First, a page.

Etsy is just as straightforward, although it uses a different pricing scheme. Instead of a regular monthly fee, you get charged with a $0.20 listing fee per product. Once you make a sale, you’ll also have to shoulder a 5% transaction fee along with 3% + $0.25 payment processing charge that’s applied by the payment provider. And if you’re an Etsy Plus subscriber, you’ll have to pay a monthly $10 fee for the extra tools. While these additional charges shouldn’t hurt on a small scale, it’s going to come out expensive once you start selling above $1,000 per month.
Of course, you’ll have to pay separately for Pattern by Etsy. Although the platform is free for the first 30 days, you will be charged $15 per month in the succeeding months to cover hosting fees.
Squarespace is a more versatile platform for small to mid-size businesses while Etsy is better suited for independent sellers who sell on a small scale.
Best for small and mid-size businesses regardless of product or service
Best for independent sellers of vintage or handmade items, and craft supplies
Choosing between Squarespace and Etsy is essentially an extension of the debate over e-commerce websites and marketplaces. At the end of the day, you’ll have to go with what’s really suited for your business.
Etsy, as a marketplace, makes it easier for an entrepreneur to start out. It comes with the traffic, and listing products should be easy. However, Etsy itself is limited to a niche market, and even though you can sell more products through Pattern by Etsy, you’ll need to be a registered seller in the marketplace to avail the web editor. As such, we recommend this site to independent sellers who may not have the resources to build and manage a standalone website, and who wouldn’t feel the brunt of Etsy’s transaction fees.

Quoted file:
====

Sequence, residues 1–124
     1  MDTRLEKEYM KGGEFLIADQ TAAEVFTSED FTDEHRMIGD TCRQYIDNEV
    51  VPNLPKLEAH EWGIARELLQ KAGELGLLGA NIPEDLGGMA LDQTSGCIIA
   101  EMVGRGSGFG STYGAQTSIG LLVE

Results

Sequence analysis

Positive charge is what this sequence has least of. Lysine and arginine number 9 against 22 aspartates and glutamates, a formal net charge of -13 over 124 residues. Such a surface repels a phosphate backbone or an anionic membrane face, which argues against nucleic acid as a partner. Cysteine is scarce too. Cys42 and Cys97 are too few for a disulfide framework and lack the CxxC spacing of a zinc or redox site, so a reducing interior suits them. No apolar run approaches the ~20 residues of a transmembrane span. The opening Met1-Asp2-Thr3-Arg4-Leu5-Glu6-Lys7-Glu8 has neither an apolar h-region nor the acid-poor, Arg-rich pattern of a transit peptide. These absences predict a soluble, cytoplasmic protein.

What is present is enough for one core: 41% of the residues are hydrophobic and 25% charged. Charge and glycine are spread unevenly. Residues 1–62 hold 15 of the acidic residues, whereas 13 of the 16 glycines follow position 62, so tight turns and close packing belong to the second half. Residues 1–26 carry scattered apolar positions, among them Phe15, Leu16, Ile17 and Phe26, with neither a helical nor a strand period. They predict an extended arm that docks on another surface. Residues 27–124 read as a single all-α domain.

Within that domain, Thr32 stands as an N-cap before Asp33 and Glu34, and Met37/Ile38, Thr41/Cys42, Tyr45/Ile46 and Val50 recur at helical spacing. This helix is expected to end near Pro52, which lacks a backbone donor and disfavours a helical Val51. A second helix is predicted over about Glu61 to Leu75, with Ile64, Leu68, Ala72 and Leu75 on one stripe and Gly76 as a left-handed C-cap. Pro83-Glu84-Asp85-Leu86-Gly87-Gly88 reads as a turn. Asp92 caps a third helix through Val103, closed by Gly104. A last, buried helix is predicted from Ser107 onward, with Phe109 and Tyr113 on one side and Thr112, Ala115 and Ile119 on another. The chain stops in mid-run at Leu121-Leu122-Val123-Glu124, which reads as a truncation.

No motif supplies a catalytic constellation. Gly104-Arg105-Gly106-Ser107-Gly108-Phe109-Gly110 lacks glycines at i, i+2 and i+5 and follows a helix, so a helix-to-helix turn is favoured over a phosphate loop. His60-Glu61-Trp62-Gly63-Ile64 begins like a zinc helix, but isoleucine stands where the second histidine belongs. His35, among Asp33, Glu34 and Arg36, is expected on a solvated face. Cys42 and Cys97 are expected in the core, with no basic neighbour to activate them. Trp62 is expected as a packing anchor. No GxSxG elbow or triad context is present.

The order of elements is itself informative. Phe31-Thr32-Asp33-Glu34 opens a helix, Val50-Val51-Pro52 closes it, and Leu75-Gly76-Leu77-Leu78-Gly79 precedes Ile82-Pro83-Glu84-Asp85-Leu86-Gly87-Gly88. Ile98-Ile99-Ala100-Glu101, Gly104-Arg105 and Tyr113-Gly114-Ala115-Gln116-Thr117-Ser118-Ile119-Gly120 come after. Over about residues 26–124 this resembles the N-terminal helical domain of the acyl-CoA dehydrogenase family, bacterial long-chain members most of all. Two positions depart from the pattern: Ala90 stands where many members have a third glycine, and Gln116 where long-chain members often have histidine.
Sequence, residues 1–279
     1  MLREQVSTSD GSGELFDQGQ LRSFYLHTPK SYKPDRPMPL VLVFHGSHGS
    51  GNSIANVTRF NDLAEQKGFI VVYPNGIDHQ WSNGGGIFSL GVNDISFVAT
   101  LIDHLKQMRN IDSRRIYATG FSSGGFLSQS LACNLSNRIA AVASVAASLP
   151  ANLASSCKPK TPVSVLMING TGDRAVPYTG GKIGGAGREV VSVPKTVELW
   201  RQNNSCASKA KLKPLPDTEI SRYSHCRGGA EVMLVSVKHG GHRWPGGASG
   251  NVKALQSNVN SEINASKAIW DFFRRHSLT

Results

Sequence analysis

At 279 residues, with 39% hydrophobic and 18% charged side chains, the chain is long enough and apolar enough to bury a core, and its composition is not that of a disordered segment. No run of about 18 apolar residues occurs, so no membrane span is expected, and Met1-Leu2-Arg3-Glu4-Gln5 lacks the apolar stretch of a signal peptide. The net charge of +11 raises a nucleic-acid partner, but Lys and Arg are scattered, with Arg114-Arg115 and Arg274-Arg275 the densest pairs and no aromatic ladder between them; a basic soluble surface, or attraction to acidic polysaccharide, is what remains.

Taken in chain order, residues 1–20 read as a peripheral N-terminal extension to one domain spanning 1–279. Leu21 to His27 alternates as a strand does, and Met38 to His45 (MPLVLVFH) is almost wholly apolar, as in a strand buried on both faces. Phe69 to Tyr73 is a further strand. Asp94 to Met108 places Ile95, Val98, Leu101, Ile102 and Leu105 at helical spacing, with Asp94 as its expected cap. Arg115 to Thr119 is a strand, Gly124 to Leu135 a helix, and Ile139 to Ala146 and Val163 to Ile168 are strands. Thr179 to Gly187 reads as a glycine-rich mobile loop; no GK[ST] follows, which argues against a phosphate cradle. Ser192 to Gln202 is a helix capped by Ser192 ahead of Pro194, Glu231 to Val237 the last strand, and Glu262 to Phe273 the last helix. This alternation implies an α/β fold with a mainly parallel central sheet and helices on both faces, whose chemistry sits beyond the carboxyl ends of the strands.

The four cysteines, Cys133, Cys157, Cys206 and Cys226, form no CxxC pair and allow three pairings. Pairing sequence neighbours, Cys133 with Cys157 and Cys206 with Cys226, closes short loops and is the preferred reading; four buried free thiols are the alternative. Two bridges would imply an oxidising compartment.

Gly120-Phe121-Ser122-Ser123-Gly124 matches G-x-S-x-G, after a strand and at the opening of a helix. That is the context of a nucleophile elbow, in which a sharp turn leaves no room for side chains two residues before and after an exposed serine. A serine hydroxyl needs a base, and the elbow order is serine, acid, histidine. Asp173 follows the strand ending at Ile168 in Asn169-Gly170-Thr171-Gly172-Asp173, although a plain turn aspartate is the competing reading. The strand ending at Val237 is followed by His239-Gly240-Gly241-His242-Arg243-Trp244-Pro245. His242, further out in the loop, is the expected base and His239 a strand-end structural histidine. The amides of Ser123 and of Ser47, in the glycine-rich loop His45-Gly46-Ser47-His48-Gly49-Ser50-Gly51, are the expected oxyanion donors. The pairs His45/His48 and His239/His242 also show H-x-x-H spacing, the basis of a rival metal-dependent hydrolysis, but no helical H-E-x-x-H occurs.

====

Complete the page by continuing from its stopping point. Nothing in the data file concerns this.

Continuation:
With Squarespace, you get a versatile website builder with an impressive suite of e-commerce tools. Customizations are also more extensive, thanks to the platform’s catalogue of professionally-designed templates. However, you’ll have to build, design, and manage the site on your own. You’ll also be responsible for driving traffic to it. Squarespace does offer marketing tools to help your site gain traction. However, we feel these features are best suited for small and mid-sized businesses with the resources to invest on a standalone website.
Selling on a website allows you to create a better brand entity compared to selling on a marketplace like Etsy. With the latter, you’ll be competing with other sellers and a larger number of product listings.
As a marketplace, Etsy comes with its own traffic already. You don’t have to think about ranking on search engines to get people to check out your listings.
Squarespace offers email accounts through G-suite email using your Squarespace domain.
Squarespace only charges a 3% transaction fee for its Business plan.